I like shopping. No, I love shopping. I confess. One of my favorite pass-times is to go from shop to shop with my wife. I don’t always buy stuff, but I just like to be there.
Today – a beautiful sunny day – I was walking through Glasgow City Centre and then I sought refuge from the cold in a Shopping Mall. I immediately became aware of the deep sensation of comfort when I was enveloped by a cloud of warm air blown from on high (the air vents, not the sky). It was lovely. I was cold before, now I felt cosy. ‘Ahaaaa, so that’s your game!’ I thought. The message is clear: ‘Don’t go out in nature, it’s cold and uncomfortable. Come in here and give us your money. It doesn’t matter you don’t need any of the stuff we’re selling. Buy it anyway. It’s on sale. Who doesn’t like a bargain? Sale is now on!’
I didn’t buy anything. I was too much aware of the attempted guilt trip for not contributing to the consumerism machine and just walked by the shops with a confident grin on my face. No, I will not. I didn’t, and it felt much better than if I had given in. I couldn’t wait to come home and calculate how much I saved. Awesome!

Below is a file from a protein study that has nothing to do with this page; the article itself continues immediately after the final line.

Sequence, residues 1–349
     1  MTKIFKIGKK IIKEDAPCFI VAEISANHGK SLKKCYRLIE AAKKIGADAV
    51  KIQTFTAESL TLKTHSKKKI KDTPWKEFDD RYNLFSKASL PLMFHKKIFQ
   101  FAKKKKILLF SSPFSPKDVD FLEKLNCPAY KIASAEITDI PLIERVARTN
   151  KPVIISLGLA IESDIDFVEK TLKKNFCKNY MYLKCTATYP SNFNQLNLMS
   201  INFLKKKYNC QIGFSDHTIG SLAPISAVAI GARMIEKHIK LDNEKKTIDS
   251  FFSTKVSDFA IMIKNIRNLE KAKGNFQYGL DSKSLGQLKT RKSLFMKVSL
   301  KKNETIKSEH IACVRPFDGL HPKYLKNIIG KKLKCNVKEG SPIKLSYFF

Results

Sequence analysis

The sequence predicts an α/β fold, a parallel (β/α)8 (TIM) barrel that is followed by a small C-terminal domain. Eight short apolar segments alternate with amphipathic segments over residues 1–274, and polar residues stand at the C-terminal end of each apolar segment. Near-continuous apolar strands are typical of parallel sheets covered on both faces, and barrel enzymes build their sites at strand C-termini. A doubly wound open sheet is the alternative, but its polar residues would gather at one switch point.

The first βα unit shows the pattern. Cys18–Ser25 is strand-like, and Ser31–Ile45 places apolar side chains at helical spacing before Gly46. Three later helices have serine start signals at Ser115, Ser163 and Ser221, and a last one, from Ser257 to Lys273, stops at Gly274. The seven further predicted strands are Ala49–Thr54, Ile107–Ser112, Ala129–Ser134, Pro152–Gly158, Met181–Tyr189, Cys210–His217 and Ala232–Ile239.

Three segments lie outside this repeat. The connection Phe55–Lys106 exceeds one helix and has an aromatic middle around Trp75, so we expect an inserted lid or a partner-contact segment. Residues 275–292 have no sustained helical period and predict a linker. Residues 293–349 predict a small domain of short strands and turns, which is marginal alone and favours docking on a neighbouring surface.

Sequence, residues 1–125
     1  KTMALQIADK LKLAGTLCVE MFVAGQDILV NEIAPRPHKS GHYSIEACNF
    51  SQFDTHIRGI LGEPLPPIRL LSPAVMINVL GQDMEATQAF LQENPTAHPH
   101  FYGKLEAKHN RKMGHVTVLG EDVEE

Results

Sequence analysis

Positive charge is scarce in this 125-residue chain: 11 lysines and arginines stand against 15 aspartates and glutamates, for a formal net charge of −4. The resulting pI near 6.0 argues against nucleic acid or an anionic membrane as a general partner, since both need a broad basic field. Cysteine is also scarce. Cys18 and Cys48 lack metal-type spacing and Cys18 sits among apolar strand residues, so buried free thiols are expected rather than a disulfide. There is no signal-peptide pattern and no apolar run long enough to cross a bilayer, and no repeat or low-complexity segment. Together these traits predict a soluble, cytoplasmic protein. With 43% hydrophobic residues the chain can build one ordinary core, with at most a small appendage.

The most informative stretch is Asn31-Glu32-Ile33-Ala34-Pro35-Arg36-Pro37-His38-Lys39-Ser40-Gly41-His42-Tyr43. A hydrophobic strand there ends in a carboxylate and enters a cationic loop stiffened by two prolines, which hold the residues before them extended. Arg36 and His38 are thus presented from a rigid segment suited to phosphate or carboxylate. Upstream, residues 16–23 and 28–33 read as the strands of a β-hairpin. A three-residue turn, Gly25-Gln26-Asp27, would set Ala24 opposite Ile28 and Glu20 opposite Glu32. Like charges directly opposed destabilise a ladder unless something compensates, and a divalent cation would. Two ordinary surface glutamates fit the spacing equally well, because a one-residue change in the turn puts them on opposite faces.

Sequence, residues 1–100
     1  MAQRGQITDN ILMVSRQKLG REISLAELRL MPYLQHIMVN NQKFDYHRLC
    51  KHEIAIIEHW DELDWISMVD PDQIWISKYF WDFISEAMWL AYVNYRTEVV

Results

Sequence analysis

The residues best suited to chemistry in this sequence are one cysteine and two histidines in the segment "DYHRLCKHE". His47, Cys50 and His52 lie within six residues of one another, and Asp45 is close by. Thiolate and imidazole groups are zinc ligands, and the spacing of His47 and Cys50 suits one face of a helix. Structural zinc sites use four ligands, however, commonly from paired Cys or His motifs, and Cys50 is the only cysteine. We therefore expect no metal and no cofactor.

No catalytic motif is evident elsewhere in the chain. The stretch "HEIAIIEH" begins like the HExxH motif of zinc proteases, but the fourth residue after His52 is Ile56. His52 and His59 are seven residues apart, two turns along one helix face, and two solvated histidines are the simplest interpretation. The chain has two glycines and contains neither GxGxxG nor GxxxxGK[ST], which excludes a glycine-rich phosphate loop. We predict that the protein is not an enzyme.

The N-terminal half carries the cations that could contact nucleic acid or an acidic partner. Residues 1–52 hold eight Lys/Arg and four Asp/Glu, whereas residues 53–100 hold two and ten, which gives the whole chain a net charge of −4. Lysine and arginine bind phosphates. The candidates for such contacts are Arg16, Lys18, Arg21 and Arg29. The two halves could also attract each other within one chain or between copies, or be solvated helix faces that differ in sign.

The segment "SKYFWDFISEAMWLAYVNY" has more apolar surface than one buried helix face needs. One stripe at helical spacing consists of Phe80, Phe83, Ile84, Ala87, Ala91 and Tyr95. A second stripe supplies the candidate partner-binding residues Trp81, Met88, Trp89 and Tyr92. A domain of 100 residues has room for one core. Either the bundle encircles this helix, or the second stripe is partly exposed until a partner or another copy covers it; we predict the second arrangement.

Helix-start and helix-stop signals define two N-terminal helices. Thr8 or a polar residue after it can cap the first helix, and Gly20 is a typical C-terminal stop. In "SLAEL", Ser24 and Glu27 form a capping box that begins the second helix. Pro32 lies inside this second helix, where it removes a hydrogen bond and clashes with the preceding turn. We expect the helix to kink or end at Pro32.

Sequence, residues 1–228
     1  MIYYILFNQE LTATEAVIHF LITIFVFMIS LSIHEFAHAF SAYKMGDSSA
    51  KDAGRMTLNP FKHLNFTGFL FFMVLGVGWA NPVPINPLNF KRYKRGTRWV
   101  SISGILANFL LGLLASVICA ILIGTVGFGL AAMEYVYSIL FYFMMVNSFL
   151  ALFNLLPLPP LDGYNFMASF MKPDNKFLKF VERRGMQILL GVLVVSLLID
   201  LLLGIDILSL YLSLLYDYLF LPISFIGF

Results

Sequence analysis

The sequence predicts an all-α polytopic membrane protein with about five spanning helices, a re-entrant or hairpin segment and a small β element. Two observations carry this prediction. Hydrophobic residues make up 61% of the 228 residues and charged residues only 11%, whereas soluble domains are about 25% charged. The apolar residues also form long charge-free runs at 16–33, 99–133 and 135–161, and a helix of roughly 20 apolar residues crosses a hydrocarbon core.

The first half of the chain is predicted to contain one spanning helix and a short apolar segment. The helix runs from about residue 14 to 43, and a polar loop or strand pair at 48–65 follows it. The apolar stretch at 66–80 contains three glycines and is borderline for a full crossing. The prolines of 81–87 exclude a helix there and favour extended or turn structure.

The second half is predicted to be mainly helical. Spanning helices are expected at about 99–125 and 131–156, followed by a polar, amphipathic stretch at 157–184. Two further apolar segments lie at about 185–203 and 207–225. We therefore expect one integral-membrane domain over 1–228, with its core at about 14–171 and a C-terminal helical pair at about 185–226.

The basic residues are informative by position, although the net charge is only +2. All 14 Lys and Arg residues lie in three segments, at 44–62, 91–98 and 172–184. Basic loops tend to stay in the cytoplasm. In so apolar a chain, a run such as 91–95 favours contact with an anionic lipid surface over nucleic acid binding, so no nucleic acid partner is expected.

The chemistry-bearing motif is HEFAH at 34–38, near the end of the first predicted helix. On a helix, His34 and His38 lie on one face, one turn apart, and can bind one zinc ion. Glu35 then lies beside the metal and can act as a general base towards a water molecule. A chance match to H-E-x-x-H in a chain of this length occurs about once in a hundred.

In the beginning of the new year I feel compelled to spend a lot more time reflecting on what Jesus came to give us: life in abundance. You’d think Jesus came to give us a new religion, but you’d be wrong. He came so that we may have life, and have it abundantly. What does that mean practically in the day to day life? Was he talking about some kind of ‘spiritual’ life? Was he talking about economic prosperity? I doubt it. None of those can satisfy in and of themselves, because the spiritual and the non-spiritual should never be separated. It’s so hard to recover from centuries of a split mind…
On top of that I keep thinking about consumerism and it’s lack of capacity to satisfy while trashing our planet by depleting it of resources (see storyofstuff.com). Is there an alternative to that? Can we have a life in abundance that is not only spiritual or mental? Can we have a life that is grounded in the physical and material but does not rely exclusively on ‘shopping’ and ‘retailing’? Can we imagine an economic system that is not based on consumerism? What would that take?
I figured this journey of reflection can only be a self-disclosure kind of journey. It’s useless to speculate and theorise if I’m not willing to look at my own life, my own habits and tendencies in this area. This can be dangerous and far too revealing. I like it.